Does anybody know min. signal strength required for clear to show coverage on map ?

    I've proved myself that sprints voice coverage map is way off and needs to be updated. I imagine we will see the same thing with WiMax / WiFi depending on signal meter set up.

    Example: you have this large pc of private property or public land without roads or locked gates. Company won't have easy access to test signal and may decide to show as non coverage area. I seriously doubt you would have coverage all around that one area on map except for some little square. Could be a gated community they didn't verify.

    Map gives you a better idea of just how many WiMax antenna will be in an area. I have noticed a lot of new towers going up and my sprint voice signal is 4-5 bars in most places now. If all those new towers have WiMax just waiting to flip the switch, I'll be a happy customer soon.
  22. To be honest, I do software. I have forward the message to some people.

    To give an unofficial answer. The base station is programed to deal out x signal to y devices over z area. Allowing to increase strength x signal power, if y devices fall under w speed, in z area.

    The system is made to act as a web. Each tower acts as a smart signaler. Telling the other towers to expect you and increase the signal strength based on the area.

    There is a chance that if you fall out side of the z area, the base station may just ignore you. It is only made to look after the devices in z area. If it thinks you are out of z area, it will try to pass you off to another tower.

    You can hit the point where the stations will just ignore you. Because you are out of range. To maintain consistent coverage, it has to be this way.

    On the wimax thread I posted an video of wimax coverage and how it works.

    I will post when I get any more information on your question.
    stkshooter likes this.
  23. djdisturbed

    djdisturbed Well-Known Member

    you would be surprised on how little power it can really take to reach 30 miles, being a HAM radio operator I have used handheld 5watt VHF radios reach close to 100 miles (in good conditions mind you w/ tuned attenna's). and HF ham radios reach the other side of the world on 50watts of power. I know our cell phone down even use a fraction of that ammount of power on higher feq.'s BUT just like w/ ham radio repeaters, you can have one higher power transmit tower transmitting data TO your phone and have a smaller reciver/repeater closer to you transmitting data back to the higher power transmitter or lan connetion to the main site (not saying this is how clear does things, but it can be done like that). or like i do at my apt (which is in a cell phone dead area to almost all the diff providers) Have a femtocell to help the signal in local bad areas b/c if someone has one in there home it will cover for a area around it as well (though not very far, i can get like 150 feet outside my apt before i lose it, BUT they dont have 4g compatable ones out.... yet)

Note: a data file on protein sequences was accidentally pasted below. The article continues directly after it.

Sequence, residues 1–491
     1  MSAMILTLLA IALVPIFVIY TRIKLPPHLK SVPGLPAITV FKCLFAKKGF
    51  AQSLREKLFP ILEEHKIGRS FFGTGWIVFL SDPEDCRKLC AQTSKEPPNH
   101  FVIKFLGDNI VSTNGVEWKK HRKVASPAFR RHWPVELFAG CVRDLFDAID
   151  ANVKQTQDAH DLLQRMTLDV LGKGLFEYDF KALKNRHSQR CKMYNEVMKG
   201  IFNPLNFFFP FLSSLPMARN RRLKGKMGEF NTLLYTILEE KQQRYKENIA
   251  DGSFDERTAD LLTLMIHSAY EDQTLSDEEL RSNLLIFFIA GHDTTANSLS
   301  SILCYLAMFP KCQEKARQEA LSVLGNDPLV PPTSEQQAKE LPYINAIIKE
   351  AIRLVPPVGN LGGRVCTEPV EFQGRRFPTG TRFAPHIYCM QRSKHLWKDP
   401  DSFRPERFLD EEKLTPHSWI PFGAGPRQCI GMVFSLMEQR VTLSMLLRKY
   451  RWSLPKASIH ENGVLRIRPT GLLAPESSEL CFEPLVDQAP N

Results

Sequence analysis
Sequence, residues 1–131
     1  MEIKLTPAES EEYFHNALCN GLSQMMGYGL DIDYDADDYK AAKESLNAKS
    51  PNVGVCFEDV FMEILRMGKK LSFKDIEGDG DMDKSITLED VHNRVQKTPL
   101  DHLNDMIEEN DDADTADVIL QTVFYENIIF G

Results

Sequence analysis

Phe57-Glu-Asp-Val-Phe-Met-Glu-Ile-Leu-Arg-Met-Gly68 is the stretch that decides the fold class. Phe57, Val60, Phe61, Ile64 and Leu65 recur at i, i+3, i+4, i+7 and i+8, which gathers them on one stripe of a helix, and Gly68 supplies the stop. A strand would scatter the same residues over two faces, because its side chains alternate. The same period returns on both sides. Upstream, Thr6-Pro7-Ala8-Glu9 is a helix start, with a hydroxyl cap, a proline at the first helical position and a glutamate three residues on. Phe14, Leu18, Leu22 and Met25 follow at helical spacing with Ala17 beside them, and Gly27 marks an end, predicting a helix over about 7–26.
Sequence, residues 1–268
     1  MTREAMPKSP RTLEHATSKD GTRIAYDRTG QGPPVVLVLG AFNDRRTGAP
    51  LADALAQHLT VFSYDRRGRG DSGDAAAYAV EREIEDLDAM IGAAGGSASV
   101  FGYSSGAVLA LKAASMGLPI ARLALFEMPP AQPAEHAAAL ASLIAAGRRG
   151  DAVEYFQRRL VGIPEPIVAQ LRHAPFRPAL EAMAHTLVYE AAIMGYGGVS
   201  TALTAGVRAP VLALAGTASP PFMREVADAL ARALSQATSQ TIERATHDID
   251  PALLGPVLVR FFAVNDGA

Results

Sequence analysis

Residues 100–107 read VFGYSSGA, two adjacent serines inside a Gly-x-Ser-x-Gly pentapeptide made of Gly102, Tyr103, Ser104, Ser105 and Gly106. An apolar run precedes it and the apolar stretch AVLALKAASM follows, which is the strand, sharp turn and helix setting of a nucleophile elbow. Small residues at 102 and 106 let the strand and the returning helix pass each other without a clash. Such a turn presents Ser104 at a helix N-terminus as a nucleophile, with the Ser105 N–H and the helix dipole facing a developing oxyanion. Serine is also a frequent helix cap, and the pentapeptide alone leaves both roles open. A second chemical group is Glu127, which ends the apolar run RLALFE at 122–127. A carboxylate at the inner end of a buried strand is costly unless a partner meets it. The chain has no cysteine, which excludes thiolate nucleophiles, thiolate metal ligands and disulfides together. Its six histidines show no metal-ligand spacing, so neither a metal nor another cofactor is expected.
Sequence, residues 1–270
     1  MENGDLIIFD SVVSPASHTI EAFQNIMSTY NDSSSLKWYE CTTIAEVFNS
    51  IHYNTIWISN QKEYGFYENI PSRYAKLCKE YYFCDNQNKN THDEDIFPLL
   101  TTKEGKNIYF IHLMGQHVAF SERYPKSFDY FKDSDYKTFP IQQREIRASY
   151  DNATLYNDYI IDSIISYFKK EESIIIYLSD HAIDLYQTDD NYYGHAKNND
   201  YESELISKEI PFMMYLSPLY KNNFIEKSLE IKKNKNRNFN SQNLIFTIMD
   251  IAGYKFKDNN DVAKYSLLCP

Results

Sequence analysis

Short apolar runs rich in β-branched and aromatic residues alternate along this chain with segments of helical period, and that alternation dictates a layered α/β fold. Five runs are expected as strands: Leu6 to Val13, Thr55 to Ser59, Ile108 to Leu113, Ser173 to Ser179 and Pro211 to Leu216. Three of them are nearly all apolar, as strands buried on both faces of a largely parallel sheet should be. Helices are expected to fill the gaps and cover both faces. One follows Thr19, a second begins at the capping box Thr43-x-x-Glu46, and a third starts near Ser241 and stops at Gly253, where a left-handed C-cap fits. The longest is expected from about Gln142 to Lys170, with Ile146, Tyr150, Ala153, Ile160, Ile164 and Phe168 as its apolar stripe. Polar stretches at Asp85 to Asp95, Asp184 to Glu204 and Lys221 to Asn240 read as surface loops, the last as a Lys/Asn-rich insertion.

24. Rigmaster

    Rigmaster Well-Known Member

    I read an article about a company in NYC that installed towers in Manhattan and Brooklyn to cover a wide part of the NYC metro area. I believe they said max range was 30 miles under ideal conditions and with limited obstacle blockage/building penetration but they installed towers in 15 miles radius/interval for the area they wanted covered.

    As with current 3G, I think Wimax and LTE both still are impacted by building/obstacles and topography as will almost all signal devices.

    The company said they've been able to provide high-speed access to their clients with speed and costs advantages. They also mentioned that tower permits and regulations were difficult because of the amount of radiation the units produce but those same towers are typically placed several hundred or up to a thousand feet high to account for the additional risk.

    One reason I've wondered about the Walmart or other store-based tower scenario is that ideally the Wimax towers would be at least 2-4 times higher than current cell towers. I don't see local codes being too friendly to that.
  25. jmcging

    jmcging Active Member

    I've been searching for a thread like this and thanks to everyone who has been involved. From a site whose URL I can't recall, I found I live .7 miles from 3 identified Clear 4G antennas but live at the edge of a bubble of non 4G (per the sprint maps) and there is by maybe 2 tenths of a mile between my house and the closest identified 4G. Hoping that there is some slop in the coverage maps or maybe these Clear antennas might not be on or fully deployed.

    Lots of trees here, the terrain is mildly hilly but in winter I know I could see 2 of these 3 antenna locations (water tower and 9 story building) from my roof :)

    So close yet so far....